We have been working closely with the Humane Society of the U.S. for many months to encourage Brazil’s Agência Nacional de Vigilância Sanitária (ANVISA) to amend its animal test requirements for pesticides. Once we are given certainty that the requirement is no longer required, we will stop the study immediately. Corteva Agriscience™, Agriculture Division of DowDuPont, is committed to animal welfare and the 3Rs (Replacement, Reduction and Refinement) as core principles of toxicological research. In the interim, we continue to ensure that where regulations require the use of animals, all applicable welfare guidelines, laws, regulations and licensing requirements are met.
Gregg M. Schmidt
Agriculture Division of DowDuPont
Corteva Agriscience also posted this on Twitter:
Earlier this month the Humane Society of the United States released an undercover investigation showing the plight of dogs in a laboratory being dosed with pesticides and drugs. Over the span of the nearly 100 days, an investigator documented nearly two dozen experiments that involved tests on dogs. The investigator saw dogs killed at the end of studies, and others suffering for months including 36 gentle beagles being tested. The company behind the experiments has now agreed to stop the testing on these dogs.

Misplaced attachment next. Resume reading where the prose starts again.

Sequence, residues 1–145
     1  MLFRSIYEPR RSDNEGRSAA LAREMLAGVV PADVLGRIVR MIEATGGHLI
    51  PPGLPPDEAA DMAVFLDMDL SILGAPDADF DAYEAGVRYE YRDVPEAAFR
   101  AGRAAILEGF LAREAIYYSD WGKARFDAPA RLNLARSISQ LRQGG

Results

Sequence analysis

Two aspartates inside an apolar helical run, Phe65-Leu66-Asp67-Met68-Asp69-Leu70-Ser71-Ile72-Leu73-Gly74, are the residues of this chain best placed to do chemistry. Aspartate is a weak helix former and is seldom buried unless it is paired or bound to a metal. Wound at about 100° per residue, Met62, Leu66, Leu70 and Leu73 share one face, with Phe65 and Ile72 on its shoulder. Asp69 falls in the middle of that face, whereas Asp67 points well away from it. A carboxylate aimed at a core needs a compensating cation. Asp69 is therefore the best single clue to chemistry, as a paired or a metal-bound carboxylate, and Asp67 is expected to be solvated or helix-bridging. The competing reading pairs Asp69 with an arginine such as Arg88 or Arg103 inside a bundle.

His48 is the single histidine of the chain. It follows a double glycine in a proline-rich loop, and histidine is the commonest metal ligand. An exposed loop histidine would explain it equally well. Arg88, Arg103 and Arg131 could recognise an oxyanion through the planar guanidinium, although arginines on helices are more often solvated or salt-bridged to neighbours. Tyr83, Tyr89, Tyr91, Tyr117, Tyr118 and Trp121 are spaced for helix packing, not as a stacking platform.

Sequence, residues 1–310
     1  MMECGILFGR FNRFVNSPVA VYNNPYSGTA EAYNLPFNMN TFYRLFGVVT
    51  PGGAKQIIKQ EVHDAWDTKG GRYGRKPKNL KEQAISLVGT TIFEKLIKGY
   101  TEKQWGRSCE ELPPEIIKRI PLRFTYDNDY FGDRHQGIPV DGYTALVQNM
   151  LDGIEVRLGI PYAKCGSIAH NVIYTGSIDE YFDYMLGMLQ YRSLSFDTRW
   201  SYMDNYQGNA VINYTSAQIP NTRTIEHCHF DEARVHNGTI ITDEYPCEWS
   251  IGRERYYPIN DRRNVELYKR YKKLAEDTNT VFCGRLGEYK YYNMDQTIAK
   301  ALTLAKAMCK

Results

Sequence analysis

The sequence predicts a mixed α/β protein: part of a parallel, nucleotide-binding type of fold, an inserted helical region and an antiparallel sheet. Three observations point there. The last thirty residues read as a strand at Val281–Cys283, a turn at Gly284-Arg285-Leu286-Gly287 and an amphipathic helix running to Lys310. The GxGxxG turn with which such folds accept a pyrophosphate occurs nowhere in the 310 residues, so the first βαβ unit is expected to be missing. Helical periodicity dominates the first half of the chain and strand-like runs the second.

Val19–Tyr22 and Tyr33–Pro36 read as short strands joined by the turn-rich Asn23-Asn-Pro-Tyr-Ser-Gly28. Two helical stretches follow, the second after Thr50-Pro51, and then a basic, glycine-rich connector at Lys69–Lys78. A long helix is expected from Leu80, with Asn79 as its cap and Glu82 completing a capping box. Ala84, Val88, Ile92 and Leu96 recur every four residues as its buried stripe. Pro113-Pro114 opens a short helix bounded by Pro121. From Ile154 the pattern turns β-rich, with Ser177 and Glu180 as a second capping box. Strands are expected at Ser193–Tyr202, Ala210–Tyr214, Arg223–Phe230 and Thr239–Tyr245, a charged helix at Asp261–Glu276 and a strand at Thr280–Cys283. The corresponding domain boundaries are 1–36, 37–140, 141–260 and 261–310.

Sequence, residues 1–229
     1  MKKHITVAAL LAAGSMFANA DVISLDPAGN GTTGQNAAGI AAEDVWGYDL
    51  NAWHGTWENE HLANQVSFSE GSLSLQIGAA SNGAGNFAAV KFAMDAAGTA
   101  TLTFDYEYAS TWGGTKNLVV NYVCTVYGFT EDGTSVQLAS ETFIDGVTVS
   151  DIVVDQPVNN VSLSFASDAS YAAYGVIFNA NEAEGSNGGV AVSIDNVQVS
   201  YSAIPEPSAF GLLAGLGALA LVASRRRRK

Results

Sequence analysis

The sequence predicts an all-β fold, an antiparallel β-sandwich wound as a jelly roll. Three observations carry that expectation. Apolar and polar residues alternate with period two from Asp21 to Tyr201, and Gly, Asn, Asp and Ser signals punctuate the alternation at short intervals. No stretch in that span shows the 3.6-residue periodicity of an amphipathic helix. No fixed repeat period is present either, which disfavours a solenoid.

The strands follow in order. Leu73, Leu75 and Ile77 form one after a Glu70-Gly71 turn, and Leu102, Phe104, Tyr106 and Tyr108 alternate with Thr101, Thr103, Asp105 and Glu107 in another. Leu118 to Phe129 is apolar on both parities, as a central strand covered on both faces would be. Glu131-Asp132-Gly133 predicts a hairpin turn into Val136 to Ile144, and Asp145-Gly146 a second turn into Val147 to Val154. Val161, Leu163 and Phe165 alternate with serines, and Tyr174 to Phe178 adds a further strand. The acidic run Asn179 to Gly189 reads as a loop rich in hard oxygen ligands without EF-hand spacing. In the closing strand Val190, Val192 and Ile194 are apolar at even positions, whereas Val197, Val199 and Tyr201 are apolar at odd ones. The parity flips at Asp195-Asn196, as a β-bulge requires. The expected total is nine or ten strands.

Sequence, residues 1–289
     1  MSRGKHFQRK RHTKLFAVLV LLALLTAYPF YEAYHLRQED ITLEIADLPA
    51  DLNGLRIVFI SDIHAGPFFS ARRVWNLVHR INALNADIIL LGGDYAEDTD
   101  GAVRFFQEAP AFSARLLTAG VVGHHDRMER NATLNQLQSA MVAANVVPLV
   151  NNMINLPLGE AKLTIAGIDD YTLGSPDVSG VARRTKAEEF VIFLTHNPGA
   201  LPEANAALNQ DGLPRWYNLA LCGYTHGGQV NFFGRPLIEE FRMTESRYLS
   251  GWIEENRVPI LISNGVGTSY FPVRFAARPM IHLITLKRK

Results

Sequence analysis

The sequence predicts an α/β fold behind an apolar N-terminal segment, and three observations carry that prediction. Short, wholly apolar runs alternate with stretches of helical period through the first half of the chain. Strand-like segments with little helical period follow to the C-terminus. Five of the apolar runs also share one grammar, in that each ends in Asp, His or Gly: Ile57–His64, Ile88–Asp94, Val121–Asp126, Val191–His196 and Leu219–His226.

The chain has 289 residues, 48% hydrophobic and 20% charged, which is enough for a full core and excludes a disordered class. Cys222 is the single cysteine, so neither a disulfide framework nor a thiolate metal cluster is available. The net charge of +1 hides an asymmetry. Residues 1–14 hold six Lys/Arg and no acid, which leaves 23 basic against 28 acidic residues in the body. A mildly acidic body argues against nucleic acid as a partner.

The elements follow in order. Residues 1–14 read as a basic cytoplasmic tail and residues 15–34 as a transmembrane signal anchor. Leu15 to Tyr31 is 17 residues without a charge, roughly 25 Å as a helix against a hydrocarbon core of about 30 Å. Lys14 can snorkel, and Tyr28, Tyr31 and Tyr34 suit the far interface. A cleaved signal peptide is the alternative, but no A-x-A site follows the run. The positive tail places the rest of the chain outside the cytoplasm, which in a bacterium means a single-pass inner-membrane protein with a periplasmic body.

“We applaud Dow AgroSciences (Corteva AgriScience) for making the right decision by ending the one-year pesticide test on 36 beagles at Charles River Laboratories in Michigan. This is a significant step that is critical to the welfare of the dogs. We now urge Corteva to work with us to get the dogs out of the laboratory and to our shelter and rescue partners so that they can be adopted into loving homes,” says Kitty Block, president and CEO of the Humane Society of the United States.
ABC7 reached out to Americans for Medical Progress based in Washington, D.C. in regards to the HSUS investigation and AMP emailed:
All Americans love animals which is why we are naturally conflicted when we see images of animals in labs. At the same time, we simply cannot forget that animals play an irreplaceable role in health research. Humans and animals are impacted by many of the same diseases. Therefore, studying them helps us develop treatments that can be used in both human and veterinary medicine. 95 percent of all animal research involves rodents, but in very rare cases, dogs must be studied. When viewing this video, it’s important to note what we do see and what we do not. We see employees dedicated to ensuring animals are treated with respect and kindness. We do not see abuse or mistreatment. We should also not forget that this video was shot and edited by an organization with an agenda.
Perhaps the biggest lesson learned from this video is the recognition that Americans need to better understand how new treatments are developed. The science community must do more to help the public realize the critical role of animal studies in combatting serious diseases. We also need to demonstrate the tremendous efforts taken to ensure that lab animals are treated well.
Director of Strategic Communications
Americans for Medical Progress
Dow Chemical also posted this on Twitter: